Taking the First Steps to a Paperless Office
5 min read
September 8, 2014
Last updated: May 23, 2019
You're ready to start moving to a paperless office environment, but you're not quite sure how to do it. Do you throw away your files? Force everyone to use iPads? Burn your reams of copy paper?
Here are the right first steps you need to take.
Create a Plan
Going paperless is not something you want to do in a haphazard way. Get the key people in your business together. Create a map of the workflow and dependencies that happen in your business.
You need to know the dependencies, because shifting one area of the workflow will affect all the areas that depend on it. Get input from your senior team members so that you don't miss important parts of the process. The goal is to have a thorough picture of how the work happens in your business, which will allow you to make smart decisions about how to change it.
Get Your People on Board
If you're working with younger employees, chances are that they are already adept with digital tools. They probably prefer them to paper-based systems. But not everyone is comfortable with the change to paperless, and it's important to discuss what will happen and how it will happen.
Reassure the nervous or uninitiated that they will receive the training they need, not only in the initial change, but as work continues. Ongoing support and swift response to questions will help ease people through transitions.
Find Your Experts
Who are the people in your business who live a largely digital life, already? These are your built-in experts, and they can help make the transition easier for everyone. Have a talk with your in-house pros, and get their help in any or all of the following:
● Deciding which paperless and cloud-based services are best for your business
● Figuring out which area of the business to transition to paperless first
● Training staff members in the new digital system
● Doing the actual conversion needed: scanning and saving documents, installing software, setting up user profiles, and so on.
Back Up and Secure
Before you start scanning documents into your new system, make sure the system itself - your data, software, and tools - are backed up in case of any problems. Security is important, of course; you need encryption on your files, especially as you add more of them to digital storage.
Set a Timeline and an Order
A deadline, even a self-imposed one, tends to light the fires of action. Give your people a goal of moving to paperless by a certain date, and set up a reward to motivate that change. Then choose an order based on the workflow map you created in the first step. Your needs will vary based on the type of business you run and how you run it. Invoicing is a process common to almost every business, and it's usually a good place to start. Data storage is another; you could implement a new means of saving files (as an alternative to hanging paper files) and implement it for all new data created.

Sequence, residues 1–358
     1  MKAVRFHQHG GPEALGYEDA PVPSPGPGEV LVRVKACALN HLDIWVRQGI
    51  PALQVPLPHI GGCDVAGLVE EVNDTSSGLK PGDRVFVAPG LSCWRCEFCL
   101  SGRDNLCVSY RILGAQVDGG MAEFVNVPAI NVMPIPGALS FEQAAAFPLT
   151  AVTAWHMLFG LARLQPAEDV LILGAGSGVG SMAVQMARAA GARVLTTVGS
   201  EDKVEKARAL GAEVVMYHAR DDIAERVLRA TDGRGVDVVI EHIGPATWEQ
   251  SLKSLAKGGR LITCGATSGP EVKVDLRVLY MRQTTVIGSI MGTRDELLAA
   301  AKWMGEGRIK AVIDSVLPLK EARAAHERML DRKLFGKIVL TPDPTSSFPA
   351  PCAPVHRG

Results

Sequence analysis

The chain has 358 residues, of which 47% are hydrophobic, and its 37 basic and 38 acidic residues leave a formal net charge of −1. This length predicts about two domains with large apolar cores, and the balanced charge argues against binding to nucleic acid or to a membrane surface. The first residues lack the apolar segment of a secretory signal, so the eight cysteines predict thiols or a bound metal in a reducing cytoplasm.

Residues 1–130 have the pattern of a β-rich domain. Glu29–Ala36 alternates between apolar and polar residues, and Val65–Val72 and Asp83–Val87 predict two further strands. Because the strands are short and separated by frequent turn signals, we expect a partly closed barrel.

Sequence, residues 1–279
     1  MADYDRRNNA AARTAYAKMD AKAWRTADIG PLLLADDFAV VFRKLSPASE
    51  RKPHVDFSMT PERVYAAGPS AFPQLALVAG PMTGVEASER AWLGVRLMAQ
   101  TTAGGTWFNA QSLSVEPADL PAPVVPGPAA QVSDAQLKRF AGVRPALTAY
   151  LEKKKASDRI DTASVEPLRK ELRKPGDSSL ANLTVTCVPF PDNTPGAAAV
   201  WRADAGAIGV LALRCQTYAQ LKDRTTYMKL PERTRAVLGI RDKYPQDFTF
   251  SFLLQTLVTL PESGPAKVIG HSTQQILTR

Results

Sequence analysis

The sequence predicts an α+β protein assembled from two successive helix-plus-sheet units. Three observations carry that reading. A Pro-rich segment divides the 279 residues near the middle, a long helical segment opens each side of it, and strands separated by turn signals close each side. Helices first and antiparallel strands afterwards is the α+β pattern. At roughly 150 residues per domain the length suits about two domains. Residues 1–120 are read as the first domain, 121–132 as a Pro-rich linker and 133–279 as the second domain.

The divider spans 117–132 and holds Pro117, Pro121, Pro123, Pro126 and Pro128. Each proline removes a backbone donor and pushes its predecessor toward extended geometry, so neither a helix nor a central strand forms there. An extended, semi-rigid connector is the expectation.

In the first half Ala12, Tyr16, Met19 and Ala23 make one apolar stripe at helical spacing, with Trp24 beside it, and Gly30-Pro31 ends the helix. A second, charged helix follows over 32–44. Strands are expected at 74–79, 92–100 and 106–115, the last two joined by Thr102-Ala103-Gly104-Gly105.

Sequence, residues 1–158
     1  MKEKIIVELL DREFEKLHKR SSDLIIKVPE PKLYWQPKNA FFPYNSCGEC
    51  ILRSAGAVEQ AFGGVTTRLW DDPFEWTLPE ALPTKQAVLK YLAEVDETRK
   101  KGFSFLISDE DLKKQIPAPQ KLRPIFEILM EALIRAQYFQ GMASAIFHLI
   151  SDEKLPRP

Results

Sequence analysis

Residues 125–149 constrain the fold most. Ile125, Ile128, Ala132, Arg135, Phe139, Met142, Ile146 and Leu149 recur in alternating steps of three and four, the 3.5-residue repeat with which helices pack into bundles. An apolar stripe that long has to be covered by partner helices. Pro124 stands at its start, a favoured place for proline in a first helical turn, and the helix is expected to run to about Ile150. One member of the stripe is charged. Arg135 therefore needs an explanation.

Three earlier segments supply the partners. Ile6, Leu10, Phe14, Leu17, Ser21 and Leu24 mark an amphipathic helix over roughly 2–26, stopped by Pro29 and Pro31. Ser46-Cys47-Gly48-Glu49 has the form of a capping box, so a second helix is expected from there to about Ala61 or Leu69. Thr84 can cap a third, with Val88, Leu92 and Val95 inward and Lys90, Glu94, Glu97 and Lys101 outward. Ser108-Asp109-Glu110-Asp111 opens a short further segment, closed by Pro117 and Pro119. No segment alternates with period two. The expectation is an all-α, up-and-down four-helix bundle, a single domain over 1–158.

You, and your people, are already busy doing the work of your business. If you can, hire in a consultant or firm to assist in the transition. This can not only save you a lot of hassle in figuring out what to do first, it can also ease the stress created by change and extra work on your team members. If hiring a consultant is not an option, strive to reduce the normal workload on your team members while your business is transitioning to paperless.
Test and Adjust
With each addition to the digital workflow, you and your team should be testing for the most common scenarios in your business use. You'll have a good idea of what these are from the workflow and dependencies map you created in the first step. Get your in-house experts to work, testing functionalities, accessing digital documents, sending, editing, calculating, doing whatever it is that your business does with the new digital arrangement. Expect that some things will not work perfectly; think of your digital workflow as a new machine that will need some fine-tuning to start purring along. Going paperless is a change, and all changes require adjustment. Don't demand overnight transformation. A slower, step-by-step approach will give all your team members time to learn without feeling pressured.